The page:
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Posted: 07/30/19 08:13pm Link  |  Quote  |  Print  |  Notify Moderator

Dare I assume you have already done a Google search for `mobility scooter'?
The latest AARP magazine advertises a Zinger Chair which folds and weighs 47 lbs.


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thestoloffs

Florida

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Posted: 07/31/19 09:12am Link  |  Quote  |  Print  |  Notify Moderator

My wife has been using Amigo scooters continuously since 1983. They're extremely well-designed, so that they can be troubleshot & repaired by owners with minimal effort. (When we were living overseas for 9 years, we could obtain parts by airmail and replace most major parts ourselves.) And, it's 100% US made in MI.

As a rehabilitation counselor, DW keeps aware of almost every product on the market and still recommends the Amigo line -- if the client has money or private insurance. Here in Florida, Medicare will only pay for the cheapest product on the market, which Amigo will never be! If you need a seat lift (which full-time users frequently prefer, so that they can reach counters and transfer downhill), Medicare won't -- by Federal law -- pay ANYTHING for your "Personal Mobility Vehicle".

So, it's a matter of "You get what you pay for".

dpgllg

South West Pennsylvania

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Posted: 07/31/19 12:23pm Link  |  Quote  |  Print  |  Notify Moderator

Dick_B wrote:

Dare I assume you have already done a Google search for `mobility scooter'?
The latest AARP magazine advertises a Zinger Chair which folds and weighs 47 lbs.


OP here,

Yes I have been doing considerable research but I want responses from people who actually use the scooter to determine which way to go. Also may learn something that will help along the way.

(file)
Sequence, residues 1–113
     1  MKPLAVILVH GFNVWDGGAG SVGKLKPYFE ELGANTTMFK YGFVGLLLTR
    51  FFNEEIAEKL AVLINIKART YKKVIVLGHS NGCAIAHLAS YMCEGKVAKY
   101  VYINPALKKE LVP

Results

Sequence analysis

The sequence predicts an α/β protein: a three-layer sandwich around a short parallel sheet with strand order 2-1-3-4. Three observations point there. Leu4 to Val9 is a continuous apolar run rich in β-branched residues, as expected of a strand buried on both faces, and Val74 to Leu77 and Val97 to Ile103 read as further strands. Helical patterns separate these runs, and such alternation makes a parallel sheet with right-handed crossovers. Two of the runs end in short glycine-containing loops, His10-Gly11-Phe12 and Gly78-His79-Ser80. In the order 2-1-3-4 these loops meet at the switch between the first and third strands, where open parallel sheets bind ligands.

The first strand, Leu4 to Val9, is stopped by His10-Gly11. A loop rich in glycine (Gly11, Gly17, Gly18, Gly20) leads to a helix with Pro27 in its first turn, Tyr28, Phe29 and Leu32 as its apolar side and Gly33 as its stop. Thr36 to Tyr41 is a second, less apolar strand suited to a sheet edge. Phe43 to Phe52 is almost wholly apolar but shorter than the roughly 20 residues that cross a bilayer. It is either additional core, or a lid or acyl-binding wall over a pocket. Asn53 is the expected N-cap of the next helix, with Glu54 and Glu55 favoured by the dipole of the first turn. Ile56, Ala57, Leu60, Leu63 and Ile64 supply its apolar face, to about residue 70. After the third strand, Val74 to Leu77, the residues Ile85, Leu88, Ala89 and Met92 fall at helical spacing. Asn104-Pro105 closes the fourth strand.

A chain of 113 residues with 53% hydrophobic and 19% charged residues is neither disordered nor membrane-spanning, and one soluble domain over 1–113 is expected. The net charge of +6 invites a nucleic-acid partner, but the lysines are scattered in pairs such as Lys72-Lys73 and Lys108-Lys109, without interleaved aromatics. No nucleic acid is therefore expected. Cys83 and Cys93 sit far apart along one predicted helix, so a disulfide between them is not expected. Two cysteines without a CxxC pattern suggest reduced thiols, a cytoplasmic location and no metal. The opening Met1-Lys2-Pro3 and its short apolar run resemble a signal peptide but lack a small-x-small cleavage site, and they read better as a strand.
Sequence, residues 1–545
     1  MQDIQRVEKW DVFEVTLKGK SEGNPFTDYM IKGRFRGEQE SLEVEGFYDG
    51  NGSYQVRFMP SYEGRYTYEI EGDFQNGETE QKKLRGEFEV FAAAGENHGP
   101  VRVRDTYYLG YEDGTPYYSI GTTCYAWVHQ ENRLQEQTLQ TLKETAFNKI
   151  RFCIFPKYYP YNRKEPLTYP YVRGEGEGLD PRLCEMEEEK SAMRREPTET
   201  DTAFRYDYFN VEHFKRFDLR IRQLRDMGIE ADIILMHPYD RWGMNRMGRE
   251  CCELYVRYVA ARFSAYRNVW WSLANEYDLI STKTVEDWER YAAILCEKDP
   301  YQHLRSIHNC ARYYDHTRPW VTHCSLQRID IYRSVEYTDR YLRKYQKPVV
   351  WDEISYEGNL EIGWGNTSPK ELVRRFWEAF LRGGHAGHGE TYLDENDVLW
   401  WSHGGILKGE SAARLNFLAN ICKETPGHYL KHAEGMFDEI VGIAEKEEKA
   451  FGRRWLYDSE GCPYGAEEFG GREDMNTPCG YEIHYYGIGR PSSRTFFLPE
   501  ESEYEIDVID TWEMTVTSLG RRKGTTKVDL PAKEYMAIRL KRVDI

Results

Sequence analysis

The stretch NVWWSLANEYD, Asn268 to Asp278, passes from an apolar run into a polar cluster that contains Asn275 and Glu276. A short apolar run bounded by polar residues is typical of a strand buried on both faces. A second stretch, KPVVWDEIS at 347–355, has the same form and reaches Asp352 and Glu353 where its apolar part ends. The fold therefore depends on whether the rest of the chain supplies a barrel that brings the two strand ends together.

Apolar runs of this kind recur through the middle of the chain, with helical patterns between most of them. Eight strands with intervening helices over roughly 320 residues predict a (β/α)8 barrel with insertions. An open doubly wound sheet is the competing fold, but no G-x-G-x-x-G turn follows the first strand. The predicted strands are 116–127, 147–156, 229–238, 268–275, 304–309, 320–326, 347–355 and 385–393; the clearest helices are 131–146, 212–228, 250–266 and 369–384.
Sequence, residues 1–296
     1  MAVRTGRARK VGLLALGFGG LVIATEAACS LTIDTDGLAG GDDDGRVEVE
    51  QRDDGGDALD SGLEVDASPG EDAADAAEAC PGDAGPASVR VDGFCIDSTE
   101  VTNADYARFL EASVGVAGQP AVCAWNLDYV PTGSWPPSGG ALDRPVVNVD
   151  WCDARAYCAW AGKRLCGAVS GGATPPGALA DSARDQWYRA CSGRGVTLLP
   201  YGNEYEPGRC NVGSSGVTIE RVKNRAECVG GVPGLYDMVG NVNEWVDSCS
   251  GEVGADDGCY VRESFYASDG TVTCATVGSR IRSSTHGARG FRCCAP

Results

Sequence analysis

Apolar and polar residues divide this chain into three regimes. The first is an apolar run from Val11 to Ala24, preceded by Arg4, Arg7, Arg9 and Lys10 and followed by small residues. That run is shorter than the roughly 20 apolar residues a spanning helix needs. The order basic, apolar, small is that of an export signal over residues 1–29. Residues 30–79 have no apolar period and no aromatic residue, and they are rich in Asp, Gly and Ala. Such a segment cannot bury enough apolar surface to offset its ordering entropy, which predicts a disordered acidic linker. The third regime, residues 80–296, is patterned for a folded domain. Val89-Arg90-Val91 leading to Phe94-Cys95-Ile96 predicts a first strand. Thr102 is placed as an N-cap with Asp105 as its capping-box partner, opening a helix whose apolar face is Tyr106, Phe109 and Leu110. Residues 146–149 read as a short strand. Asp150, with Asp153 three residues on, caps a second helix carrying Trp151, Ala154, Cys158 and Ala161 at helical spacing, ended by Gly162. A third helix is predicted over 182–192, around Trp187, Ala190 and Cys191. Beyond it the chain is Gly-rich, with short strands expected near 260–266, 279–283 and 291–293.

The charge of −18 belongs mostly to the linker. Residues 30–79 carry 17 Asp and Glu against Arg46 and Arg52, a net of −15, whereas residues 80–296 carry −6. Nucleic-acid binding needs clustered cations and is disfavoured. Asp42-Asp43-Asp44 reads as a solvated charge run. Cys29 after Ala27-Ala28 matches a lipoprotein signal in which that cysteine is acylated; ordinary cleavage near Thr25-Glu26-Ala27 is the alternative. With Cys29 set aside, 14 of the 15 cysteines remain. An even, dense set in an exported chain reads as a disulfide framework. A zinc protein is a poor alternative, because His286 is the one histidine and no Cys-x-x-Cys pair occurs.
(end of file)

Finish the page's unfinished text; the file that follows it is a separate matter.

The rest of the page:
Dave

reluyog

Colorado

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Posted: 08/01/19 08:35am Link  |  Quote  |  Print  |  Notify Moderator

As for mobility scooters and batteries, generally they will use a pair of 12 amp/hr batteries, or a pair of 18 amp/hr batteries, or a pair of 35 amp/hr batteries. They are wired in series for 24 volt operation. I would suggest 18 amp/hr batteries as a minimum for better range. These devices have user weight ratings, and if you approach or exceed the weight limit, the performance suffers. At the maximum weight rating, they will perform and operate, but not near as well, especially going up grades. Also, in very hot weather and demanding driving conditions, many power controllers could go into a thermal roll back (power reduction) sooner if the unit is loaded to the max. I believe most of the main line brand names are well supported by their makers. Purchasing from a reputable dealer would be just as important as which manufacturer you choose. I don't know how well an online dealer can support and remedy a defective unit compared to a brick and mortar store. Mobility scooters are like most mechanical devices, they either run or don't run! Good luck!


Damian
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olfarmer

Iowa

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Posted: 08/05/19 07:59am Link  |  Quote  |  Print  |  Notify Moderator

We have a 4 wheel Go Go Pride scooter for my wife. We have had it 2 or 3 years and the battery is still going strong. It breaks down easily and will fit in the trunk of most cars. We usually carry it in our Jeep towed but if we don't pull the Jeep, it will fit in the basement storage area of the motor home. My wife really likes it as she can not walk very far. The heaviest parts are the battery and the power unit but at 74 I have no trouble loading and unloading it. If I remember right it cost about $1200 new and had an advertised range of 12 miles. We have never ran the battery clear down.

* This post was edited 08/06/19 05:58pm by olfarmer *


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Horsedoc

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Posted: 08/06/19 04:12pm Link  |  Quote  |  Print  |  Notify Moderator

Pride GoGo
We have had two for my wife. It works inside our wheelchair accessible Newmar with a wheelchair lift. Long battery life and will do fine on pavement and concrete. Heavy grass will tax the battery but it will go for a while in even that
Breaks down into two pieces of frame, battery pack and seat. Total of 4 pieces